That is how we turn the federal government’s unsustainable liabilities into sustainable assets.

    The bottom line of all of this is that conservatives in that building need to start doing what conservatives in this building already do: think long and hard about what we believe, why we believe it, and most of all, remember to put first things first.

    For conservatives, the first thing is not our agenda of political subsidiarity – it’s our vision of social solidarity. It is a vision of society as an interwoven and interdependent network of individuals, families, communities, businesses, churches, formal and informal groups working together to meet each other’s needs and enrich each other’s lives.

    It is of a free market economy that grants everyone a “fair chance and an unfettered start in the race of life.”

    It is of a voluntary civil society that strengthens our communities, protects the vulnerable, and minds the gaps to make sure no one gets left behind.

    And it is of a just, tolerant, and sustainable federal government that protects and complements free enterprise and civil society, rather than presuming to replace them.

    This vision will not realize itself. The Left, the inertia of the status quo, and the entire economy of this city stand arrayed against it.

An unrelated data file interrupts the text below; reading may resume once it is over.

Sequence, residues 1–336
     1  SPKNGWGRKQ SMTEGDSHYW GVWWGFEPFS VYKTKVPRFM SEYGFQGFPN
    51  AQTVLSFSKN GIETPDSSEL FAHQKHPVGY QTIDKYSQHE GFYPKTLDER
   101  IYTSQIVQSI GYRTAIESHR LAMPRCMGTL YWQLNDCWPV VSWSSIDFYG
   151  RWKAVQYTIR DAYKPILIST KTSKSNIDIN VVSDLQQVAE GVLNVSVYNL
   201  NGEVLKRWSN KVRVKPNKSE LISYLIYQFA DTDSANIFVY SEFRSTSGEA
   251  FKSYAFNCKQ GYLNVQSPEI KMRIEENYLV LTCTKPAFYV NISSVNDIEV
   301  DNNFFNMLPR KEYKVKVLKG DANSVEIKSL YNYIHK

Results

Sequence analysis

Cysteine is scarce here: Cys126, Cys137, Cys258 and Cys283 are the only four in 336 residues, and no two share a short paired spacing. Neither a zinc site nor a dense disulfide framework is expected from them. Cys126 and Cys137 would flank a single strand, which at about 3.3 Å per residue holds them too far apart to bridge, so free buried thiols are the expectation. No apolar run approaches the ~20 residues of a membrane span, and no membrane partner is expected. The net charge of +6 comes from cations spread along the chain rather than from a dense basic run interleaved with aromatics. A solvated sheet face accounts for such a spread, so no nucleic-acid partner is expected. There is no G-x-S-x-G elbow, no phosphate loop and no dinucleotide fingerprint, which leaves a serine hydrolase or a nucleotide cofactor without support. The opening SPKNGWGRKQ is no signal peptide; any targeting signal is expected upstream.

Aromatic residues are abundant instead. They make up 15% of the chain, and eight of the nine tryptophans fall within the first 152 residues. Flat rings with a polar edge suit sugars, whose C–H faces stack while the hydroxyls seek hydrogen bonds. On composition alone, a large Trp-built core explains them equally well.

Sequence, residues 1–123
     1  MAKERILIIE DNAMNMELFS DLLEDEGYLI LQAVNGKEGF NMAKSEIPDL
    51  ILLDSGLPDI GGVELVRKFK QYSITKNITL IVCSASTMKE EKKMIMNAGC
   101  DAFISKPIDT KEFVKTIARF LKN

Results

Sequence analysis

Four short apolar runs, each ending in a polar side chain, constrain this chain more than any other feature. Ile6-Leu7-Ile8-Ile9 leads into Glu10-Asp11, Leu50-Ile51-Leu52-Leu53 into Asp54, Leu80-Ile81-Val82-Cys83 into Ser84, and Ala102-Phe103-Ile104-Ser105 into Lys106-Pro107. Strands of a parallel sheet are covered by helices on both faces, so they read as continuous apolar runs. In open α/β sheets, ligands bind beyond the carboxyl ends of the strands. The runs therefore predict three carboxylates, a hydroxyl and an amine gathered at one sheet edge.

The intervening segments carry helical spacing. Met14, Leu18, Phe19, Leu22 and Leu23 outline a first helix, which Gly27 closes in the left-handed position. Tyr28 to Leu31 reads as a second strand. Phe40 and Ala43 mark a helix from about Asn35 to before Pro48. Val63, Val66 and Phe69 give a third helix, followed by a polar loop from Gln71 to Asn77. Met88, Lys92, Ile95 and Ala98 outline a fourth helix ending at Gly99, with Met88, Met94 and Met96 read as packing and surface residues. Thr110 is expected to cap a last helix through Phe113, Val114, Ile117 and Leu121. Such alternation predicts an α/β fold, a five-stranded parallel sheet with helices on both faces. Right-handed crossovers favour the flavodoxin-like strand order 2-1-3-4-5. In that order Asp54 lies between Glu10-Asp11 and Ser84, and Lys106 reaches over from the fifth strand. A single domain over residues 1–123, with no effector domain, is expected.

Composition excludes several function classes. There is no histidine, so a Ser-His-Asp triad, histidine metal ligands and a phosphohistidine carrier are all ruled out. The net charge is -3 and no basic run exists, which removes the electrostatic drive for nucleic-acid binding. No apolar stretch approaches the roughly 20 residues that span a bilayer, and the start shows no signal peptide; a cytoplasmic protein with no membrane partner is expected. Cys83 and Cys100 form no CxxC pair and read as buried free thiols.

Realizing it will sometimes require conservatives to take on entrenched interests, pet policies, and political third-rails. Many of these will be interests traditionally aligned with – and financially generous to – the establishments of both parties. And sometimes, it will require us to stand up for those no one else will: the unborn child in the womb, the poor student in the failing school, the reformed father languishing in prison, the single mom trapped in poverty, and the splintering neighborhoods that desperately need them all.

    But if we believe this vision is worth the American people being for, it’s worth elected conservatives fighting for. What we are fighting for is not just individual freedom, but the strong, vibrant communities free individuals form. The freedom to earn a good living, and build a good life: that is what conservatives are for.
  16. Crafty Dog

    Crafty Dog Active Member

    [h=5]Woof All:

    Today is Yom Kippur, perhaps the holiest day of the Jewish year. It is The Day of Atonement. This includes asking forgiveness of all those you have wronged or for whom you have come up short during the past year. Tis best to do it with specifics spoken one to one, but , , ,Anyway, my personal spiritual practice is based around The Ten Commandments-- here is something I wrote several years ago about one of them.

    The Power of Word
    by Crafty Dog

    Scientific Progress is achieved by REDUCING the number of principles
    necessary to explain the physical world. Spiritual Progress is this process
    applied to the discernment of the essential principles by which to live.

    Taking an understanding taken from The Church of Religious Science
    and putting it into my own words: To the extent that a religion is true,